A: The strike is when the clock sounds the hour, usually at the hour; for example at 3 o’clock it will strike 3 times. The chime is the tune it plays usually on each quarter, and it usually gets longer for each quarter until the hour.
A: A train is a set of gears within a clock. A clock which only tells the time will have one train; one which tells the time and strikes the hour will have two; and a chiming clock will have three trains. Usually (but not always) each train has a separate winding hole in the clock.
A: A chiming clock will have three winding holes. Usually the right hand hole is for the chime, the centre is for the time, and the left hand hole is for the strike. A striking clock will usually have two holes. The right hand hole is for the time and the left hand hole is for the strike.
A: A timepiece is a clock that has one train only, so it only tells the time.
A: This depends on the type of clock and what sort of environment it is kept in, but as a general rule the mechanism (called the movement) should be oiled every 3-5 years.
A: Ultimately the clock will stop, but running with a lack of oil or dirty oil may start to cause a lot of wear and damage to the movement.
A: Clock oil is specially formulated for use with clocks, to cope with the speeds and pressures within the mechanism. Normal household oils or sprays should not be used. Sprays will cause dust to stick to the wheels in the movement which will then cause wear.
A: Very little. Only a small drop should be put on each pivot or sliding surface. Too much oil may run down the sides of the movement, drawing oil away from where it is needed and staining the plates.
A: Strictly speaking, a clock should be fully dismantled and cleaned before it is oiled, and is recommended for an antique or valuable clock. However, this process is expensive and may be difficult to justify in mass produced modern chiming clocks. More cost-effective options are available for cleaning such clocks.
A: Not necessarily. On most clocks it is possible to adjust the beat so that the clock will run when not perfectly level. The beat is the evenness of the ‘tick tock’ sound. What is more important is that the clock is stable and does not wobble.
A: As a general rule the answer is no. Some clocks have special levers which will allow the hands to be moved backwards, but unless you know that your clock has one, it is better to assume that it has not. A lot of damage can be caused by forcing the hands backwards.
A: That depends on the design of the clock. Most clocks are designed to run for 30 hours, 8 days, 30 days or 400 days. 8 days is the most common for domestic clocks and should be wound once per week. The ‘8th day’ is to give some flexibility on exactly when the clock is wound. 400 day clocks are also called anniversary clocks and are designed to be wound once per year. They usually have a slow rotating pendulum with 4 brass balls.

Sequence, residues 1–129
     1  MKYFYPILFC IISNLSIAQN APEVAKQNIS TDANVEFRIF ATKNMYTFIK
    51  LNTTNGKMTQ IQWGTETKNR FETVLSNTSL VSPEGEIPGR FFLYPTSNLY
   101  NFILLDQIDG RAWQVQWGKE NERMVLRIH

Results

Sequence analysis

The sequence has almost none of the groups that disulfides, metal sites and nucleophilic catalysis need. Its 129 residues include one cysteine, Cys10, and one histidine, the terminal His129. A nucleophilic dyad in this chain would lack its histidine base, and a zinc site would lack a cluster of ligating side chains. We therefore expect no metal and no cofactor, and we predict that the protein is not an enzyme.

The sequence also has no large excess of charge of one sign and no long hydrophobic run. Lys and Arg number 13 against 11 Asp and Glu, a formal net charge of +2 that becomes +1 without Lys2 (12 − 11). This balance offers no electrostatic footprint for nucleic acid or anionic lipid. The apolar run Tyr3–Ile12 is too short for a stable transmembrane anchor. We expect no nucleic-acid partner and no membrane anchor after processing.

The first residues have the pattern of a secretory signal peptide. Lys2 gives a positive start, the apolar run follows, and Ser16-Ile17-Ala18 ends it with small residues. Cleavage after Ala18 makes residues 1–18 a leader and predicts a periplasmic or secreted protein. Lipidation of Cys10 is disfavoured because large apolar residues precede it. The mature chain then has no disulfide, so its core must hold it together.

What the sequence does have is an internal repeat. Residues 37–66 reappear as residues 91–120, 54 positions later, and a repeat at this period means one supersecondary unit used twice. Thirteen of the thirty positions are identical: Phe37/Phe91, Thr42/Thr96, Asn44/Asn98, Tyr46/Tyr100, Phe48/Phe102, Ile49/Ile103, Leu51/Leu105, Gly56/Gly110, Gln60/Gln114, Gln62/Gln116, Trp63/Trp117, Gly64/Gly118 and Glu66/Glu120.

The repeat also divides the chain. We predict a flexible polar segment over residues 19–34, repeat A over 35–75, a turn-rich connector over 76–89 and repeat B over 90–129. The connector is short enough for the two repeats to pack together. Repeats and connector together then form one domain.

A: The rate is the speed at which the clock runs. On a pendulum clock, the clock will go faster if the pendulum is made shorter and go slower if the pendulum is longer. There is usually a nut at the bottom of the pendulum called the rating nut. To make the pendulum longer the nut should be unscrewed (to the left); to make the pendulum shorter the nut is rotated to the right.
If you want to adjust the rate I advise you to make the adjustment once per day, at the same time of day, comparing the clock with a known accurate time. Make small adjustments rather than big adjustments that may cause you to overcorrect.
The environment will also affect the rate at which your clock runs. A metal pendulum will get longer when it gets warmer, slowing the clock down.
If your clock doesn’t have a pendulum then it will probably have a balance. This is a ring that spins back and forth around a
central spring – doing the same job as the pendulum. Usually a balance may be adjusted by changing the length of the spring using a lever (coming off the back of the balance) or screw (next to the balance).
A: If it’s a tall clock (known as a long case) then fixing it to the wall is a good idea. Usually such clocks are weight-driven so when fully wound they are very top heavy and could fall if bumped into. Also the clock needs to be stable and not be able to move as the pendulum swings. Some old clocks have a succession of holes in the back of the clock where previous owners have fixed them in place. The clock should be upright and not leaning back against the wall. If it does lean back then there is a danger of the pendulum rubbing against the back of the clock and stopping. If you have a skirting board then a spacer should be used to make sure the clock does not lean back.
A solid fixing is much better than a chain or cable.